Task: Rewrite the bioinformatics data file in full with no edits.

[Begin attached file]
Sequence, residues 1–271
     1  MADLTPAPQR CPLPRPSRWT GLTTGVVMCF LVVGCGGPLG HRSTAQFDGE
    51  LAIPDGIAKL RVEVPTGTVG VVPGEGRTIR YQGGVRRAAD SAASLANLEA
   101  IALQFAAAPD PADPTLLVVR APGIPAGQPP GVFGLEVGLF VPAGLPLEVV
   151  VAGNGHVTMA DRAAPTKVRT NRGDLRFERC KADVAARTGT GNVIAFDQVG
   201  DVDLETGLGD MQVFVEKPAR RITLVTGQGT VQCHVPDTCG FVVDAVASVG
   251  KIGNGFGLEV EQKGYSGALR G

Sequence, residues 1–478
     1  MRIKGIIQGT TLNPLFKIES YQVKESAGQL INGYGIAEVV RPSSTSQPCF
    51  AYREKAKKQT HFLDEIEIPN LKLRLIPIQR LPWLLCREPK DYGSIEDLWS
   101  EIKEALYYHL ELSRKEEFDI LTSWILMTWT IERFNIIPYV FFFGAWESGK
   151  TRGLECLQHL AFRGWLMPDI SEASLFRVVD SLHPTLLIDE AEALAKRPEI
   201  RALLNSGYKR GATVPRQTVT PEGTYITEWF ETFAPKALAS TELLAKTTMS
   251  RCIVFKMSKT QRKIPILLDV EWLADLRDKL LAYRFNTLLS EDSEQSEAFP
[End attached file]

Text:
Sequence, residues 1–271
     1  MADLTPAPQR CPLPRPSRWT GLTTGVVMCF LVVGCGGPLG HRSTAQFDGE
    51  LAIPDGIAKL RVEVPTGTVG VVPGEGRTIR YQGGVRRAAD SAASLANLEA
   101  IALQFAAAPD PADPTLLVVR APGIPAGQPP GVFGLEVGLF VPAGLPLEVV
   151  VAGNGHVTMA DRAAPTKVRT NRGDLRFERC KADVAARTGT GNVIAFDQVG
   201  DVDLETGLGD MQVFVEKPAR RITLVTGQGT VQCHVPDTCG FVVDAVASVG
   251  KIGNGFGLEV EQKGYSGALR G

Sequence, residues 1–478
     1  MRIKGIIQGT TLNPLFKIES YQVKESAGQL INGYGIAEVV RPSSTSQPCF
    51  AYREKAKKQT HFLDEIEIPN LKLRLIPIQR LPWLLCREPK DYGSIEDLWS
   101  EIKEALYYHL ELSRKEEFDI LTSWILMTWT IERFNIIPYV FFFGAWESGK
   151  TRGLECLQHL AFRGWLMPDI SEASLFRVVD SLHPTLLIDE AEALAKRPEI
   201  RALLNSGYKR GATVPRQTVT PEGTYITEWF ETFAPKALAS TELLAKTTMS
   251  RCIVFKMSKT QRKIPILLDV EWLADLRDKL LAYRFNTLLS EDSEQSEAFP